Reference librarians reach out




A librarian sits at the reference desk. Patrons come to the desk, ask questions, and receive answers. That’s the way it’s supposed to work. I have personally served at busy times with people streaming past the desk in both directions, but not stopping to ask questions. That doesn’t ┬ánecessarily mean that none of those people had questions, either. Here’s a story I found on a librarians’ email list: One student at an academic librarian sat at a table asking friends for help as they walked by. He used his cell phone to call friends in other parts of the library. … Continue reading






Classical music for children at the library




For the past three years, the Greensboro (North Carolina) Public Library, in partnership with the Eastern Music Festival, have presented a series of concerts called “EMF Encircling the City.” It is a special outreach to introduce children to classical music. Children dearly love any music they hear. This series exemplifies fairly standard library programming. Surely all public libraries in this country provide rich and varied experiences for children, including live music. Most of them present live music to youth and adult audiences. too. Many even have dedicated concert halls so they don’t have to try to fit performances into multi-purpose … Continue reading






USFAS: United States Federal Alphabet Soup




I was poking around the federal government’s web portal looking for something to explore when I noticed “Abbreviations and Acronyms.” That looked interesting. The link took me off site to something called GovSpeak, a library guide posted by the University of California at San Diego. So this post is not, as I intended, a look at the information made available by various agencies of the federal government. Instead it highlights the equally valuable resources provided by university libraries. … Continue reading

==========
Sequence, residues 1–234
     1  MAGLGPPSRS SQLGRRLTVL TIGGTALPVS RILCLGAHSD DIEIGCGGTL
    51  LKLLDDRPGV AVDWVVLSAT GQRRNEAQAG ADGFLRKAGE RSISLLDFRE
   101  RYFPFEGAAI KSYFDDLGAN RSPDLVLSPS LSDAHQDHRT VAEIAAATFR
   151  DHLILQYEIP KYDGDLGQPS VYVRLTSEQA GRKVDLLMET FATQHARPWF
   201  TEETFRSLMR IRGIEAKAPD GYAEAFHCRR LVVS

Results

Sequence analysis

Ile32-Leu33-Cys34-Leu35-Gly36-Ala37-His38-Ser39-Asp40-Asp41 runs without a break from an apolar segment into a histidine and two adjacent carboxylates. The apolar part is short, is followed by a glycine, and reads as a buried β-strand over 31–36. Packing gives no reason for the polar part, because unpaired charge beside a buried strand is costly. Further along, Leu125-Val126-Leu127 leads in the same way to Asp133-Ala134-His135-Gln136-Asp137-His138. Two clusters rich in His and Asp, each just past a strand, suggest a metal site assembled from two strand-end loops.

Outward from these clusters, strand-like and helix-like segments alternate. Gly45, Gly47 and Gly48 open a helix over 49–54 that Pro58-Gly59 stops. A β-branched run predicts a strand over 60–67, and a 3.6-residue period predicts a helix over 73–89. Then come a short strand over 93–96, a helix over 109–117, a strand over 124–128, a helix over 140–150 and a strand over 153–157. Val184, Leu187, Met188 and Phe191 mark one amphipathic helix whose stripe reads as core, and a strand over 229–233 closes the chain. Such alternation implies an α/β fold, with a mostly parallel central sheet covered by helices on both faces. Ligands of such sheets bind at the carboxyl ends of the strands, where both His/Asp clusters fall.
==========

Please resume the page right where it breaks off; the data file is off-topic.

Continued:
Why you’re not allowed to hear most old recordings




The U.S. Constitution empowers Congress “To promote the Progress of Science and useful Arts, by securing for limited Times to Authors and Inventors the exclusive Right to their respective Writings and Discoveries.” In 1976, Congress set the limit at 75 years or the life of the author plus 50 years. In 1998, it extended both terms by 20 years. At least that’s true for most of what comes under the copyright law. For some reason, sound recordings do not fall under the federal copyright law. Instead, they fall under, and are crushed by the weight of a tangle of federal … Continue reading






Foreclosures in San Diego and what libraries are all about




Led by the San Diego County Library (SDCL), a few libraries in Southern California and Nevada are helping homeowners threatened by foreclosure. At least, my source for this post does not indicate that the effort is any more widespread than that. But it beautifully illustrates how libraries struggle to meet the needs of their community. At first glance, libraries don’t seem to have much to do with the housing crisis. At second glance, people who see their homes slipping away have no idea where to turn for information. Providing information is a core library function. Building community is another. The … Continue reading